• A collector carousel to track movements of the sun along at least one axis may have a plurality of collectors having reflector panels, a support structure that supports the reflector panels, wherein the support structure supports the reflector panels in a manner that defines a reflector trough, each trough having a longitudinal axis, a pair of reflective side walls and a trough aperture suitable for receiving incident sunlight during operation of the collector, a plurality of solar receivers, each solar receiver being positioned generally adjacent an edge of an associated trough and including at least one photovoltaic cell, wherein the reflector panels are arranged to direct incident sunlight towards the solar receivers using a single reflection during operation of the collector, and a tracking mechanism to rotate the collector to track movements of the sun and to direct incident sunlight at the trough aperture, wherein no component of the collector carousel shades the reflector panels during normal operation of the collector carousel.
  • The present invention provides other hardware configured to perform the methods of the invention, as well as software stored in a machine-readable medium (e.g., a tangible storage medium) to control devices to perform these methods. These and other features will be presented in more detail in the following detailed description of the invention and the associated figures.
  • BRIEF DESCRIPTION OF THE DRAWINGS
  • The accompanying drawings, which are incorporated into and constitute a part of this specification, illustrate one or more example embodiments and, together with the description of example embodiments, serve to explain the principles and implementations.
  • In the drawings:
  • FIGS. 1A-1F illustrate an embodiment of a single trough solar energy concentrator or collector suitable for use with various embodiments discussed herein.
  • FIGS. 2A-2C illustrate an expanded perspective view of a pair of collectors using the collector illustrated in FIG. 1A.
  • FIGS. 3A-3C illustrate one embodiment of an array of solar collectors.
  • FIGS. 4A-4C illustrate side views of other embodiments of an array of collectors.
  • FIGS. 5A and 5B illustrate side views of still other embodiments of vertically staggered single collectors.
  • FIGS. 6A-6C illustrate an embodiment of a high ground cover ratio solar collection system.
  • FIGS. 7A and 7B illustrate top views of another embodiment of a high ground cover ratio solar collection system.
  • FIGS. 8A and 8B illustrate graphs comparing the energy collected at different times of the year.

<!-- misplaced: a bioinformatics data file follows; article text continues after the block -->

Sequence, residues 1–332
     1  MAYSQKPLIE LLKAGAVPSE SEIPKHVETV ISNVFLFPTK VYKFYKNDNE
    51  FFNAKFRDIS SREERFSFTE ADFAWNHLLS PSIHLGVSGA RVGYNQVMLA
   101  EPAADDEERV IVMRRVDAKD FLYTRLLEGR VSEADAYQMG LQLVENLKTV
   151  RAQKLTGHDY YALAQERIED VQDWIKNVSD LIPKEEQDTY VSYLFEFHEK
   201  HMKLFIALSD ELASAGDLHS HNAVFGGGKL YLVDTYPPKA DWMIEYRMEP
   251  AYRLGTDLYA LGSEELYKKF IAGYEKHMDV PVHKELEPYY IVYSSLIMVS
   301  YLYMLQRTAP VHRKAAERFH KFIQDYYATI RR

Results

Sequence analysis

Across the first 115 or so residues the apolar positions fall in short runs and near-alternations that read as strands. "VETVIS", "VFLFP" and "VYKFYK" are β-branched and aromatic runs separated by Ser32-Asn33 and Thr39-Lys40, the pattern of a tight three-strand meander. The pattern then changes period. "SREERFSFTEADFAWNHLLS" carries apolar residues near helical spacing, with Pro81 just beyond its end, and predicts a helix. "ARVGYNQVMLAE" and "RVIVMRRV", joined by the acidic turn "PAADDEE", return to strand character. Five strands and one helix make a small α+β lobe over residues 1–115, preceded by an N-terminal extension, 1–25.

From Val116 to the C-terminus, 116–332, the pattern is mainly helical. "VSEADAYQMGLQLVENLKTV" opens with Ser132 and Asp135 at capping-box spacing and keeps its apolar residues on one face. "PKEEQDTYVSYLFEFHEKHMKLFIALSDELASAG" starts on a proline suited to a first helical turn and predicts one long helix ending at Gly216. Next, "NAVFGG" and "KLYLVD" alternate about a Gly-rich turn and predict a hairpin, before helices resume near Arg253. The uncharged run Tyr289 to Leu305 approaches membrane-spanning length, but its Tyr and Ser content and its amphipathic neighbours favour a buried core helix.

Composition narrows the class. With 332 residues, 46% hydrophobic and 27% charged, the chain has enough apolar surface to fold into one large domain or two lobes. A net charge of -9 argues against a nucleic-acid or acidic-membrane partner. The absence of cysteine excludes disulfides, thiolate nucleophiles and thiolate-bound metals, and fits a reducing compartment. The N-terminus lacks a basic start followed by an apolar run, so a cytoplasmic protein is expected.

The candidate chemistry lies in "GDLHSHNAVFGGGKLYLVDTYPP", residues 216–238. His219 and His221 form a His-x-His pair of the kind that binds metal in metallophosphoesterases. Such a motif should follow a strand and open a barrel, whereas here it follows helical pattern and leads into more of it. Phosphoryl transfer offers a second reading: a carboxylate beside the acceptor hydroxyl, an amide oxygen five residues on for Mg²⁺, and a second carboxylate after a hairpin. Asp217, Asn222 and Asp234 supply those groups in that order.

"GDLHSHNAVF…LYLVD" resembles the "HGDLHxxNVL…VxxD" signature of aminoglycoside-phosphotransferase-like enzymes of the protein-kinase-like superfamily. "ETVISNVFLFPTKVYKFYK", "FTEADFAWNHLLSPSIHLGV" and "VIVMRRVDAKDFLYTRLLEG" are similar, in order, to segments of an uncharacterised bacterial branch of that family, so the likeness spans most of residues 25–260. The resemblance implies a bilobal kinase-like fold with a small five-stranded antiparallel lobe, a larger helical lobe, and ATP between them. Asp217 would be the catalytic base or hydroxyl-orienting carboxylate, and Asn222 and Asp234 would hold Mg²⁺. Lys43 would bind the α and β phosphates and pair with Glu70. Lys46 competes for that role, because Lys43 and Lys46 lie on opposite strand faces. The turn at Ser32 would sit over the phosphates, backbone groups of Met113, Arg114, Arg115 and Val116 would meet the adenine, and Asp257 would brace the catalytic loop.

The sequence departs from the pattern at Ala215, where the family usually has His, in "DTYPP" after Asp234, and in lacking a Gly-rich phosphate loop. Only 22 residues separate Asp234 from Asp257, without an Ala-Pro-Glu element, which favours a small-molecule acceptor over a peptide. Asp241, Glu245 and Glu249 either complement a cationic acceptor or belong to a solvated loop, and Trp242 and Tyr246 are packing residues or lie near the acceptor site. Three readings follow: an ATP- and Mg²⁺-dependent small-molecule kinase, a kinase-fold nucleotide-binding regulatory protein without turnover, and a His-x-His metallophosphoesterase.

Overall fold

• FIG. 9 illustrates an example computer system suitable for implementing the software applications used in one or more embodiments of a high ground cover solar collection system.
  • DESCRIPTION OF EXAMPLE EMBODIMENTS
  • Embodiments are described herein in the context of a high ground cover ratio (“GCR”) solar collection system. The following detailed description is illustrative only and is not intended to be in any way limiting. Other embodiments will readily suggest themselves to such skilled persons having the benefit of this disclosure. Reference will now be made in detail to implementations as illustrated in the accompanying drawings. The same reference indicators will be used throughout the drawings and the following detailed description to refer to the same or like parts.
  • In the interest of clarity, not all of the routine features of the implementations described herein are shown and described. It will, of course, be appreciated that in the development of any such actual implementation, numerous implementation-specific decisions must be made in order to achieve the developer's specific goals, such as compliance with application- and business-related constraints, and that these specific goals will vary from one implementation to another and from one developer to another. Moreover, it will be appreciated that such a development effort might be complex and time-consuming, but would nevertheless be a routine undertaking of engineering for those of ordinary skill in the art having the benefit of this disclosure.
  • In accordance with the present invention, the components, process steps, and/or data structures may be implemented using various types of operating systems, computing platforms, computer programs, and/or general purpose machines. In addition, those of ordinary skill in the art will recognize that devices of a less general purpose nature, such as hardwired devices, field programmable gate arrays (FPGAs), application specific integrated circuits (ASICs), or the like, may also be used without departing from the scope and spirit of the inventive concepts disclosed herein.
  • A solar energy collection system is described. FIGS. 1A-1F illustrate an embodiment of a single trough solar energy concentrator or collector suitable for use with various embodiments discussed herein. FIG. 1A is a perspective view of the single trough solar energy collector, FIG. 1B is a top perspective view of the single trough solar energy collector, FIG. 1C is a side view of the single trough solar energy collector, and FIG. 1D is a bottom perspective view of the single trough solar energy collector. The collector 100 has an optical aperture 101 designed to admit incident sunlight onto reflector panels 106. The support structure 102 is arranged to support at least two reflector panels 106. Reflector panels 106 are attached to the support structure 102. The collector 100 may have a base 124 and a pair of reflective side walls formed from the reflector panels 106. The collector 100 may be configured so as to direct incident sunlight entering collector 100 through the optical aperture 101 toward a region slightly above a top edge of the opposing reflector panel 106. The support structure 102 is composed of a plurality of shaping ribs 216 (FIG. 1A) and other components as further described in detail below. The collector 100 also has a plurality of receivers or solar receivers 104 coupled near the top edges of the collector 100. Example solar receivers will not be discussed herein to prevent obfuscation of the invention, but are disclosed in co-pending application Ser. No. 12/124,121, entitled “Photovoltaic Receiver”, filed May 20, 2008, which is incorporated herein by reference for all purposes. The solar receivers may be passively cooled (such as with air using a finned heat sink) or actively cooled (such as with cooling fluids in a pipe).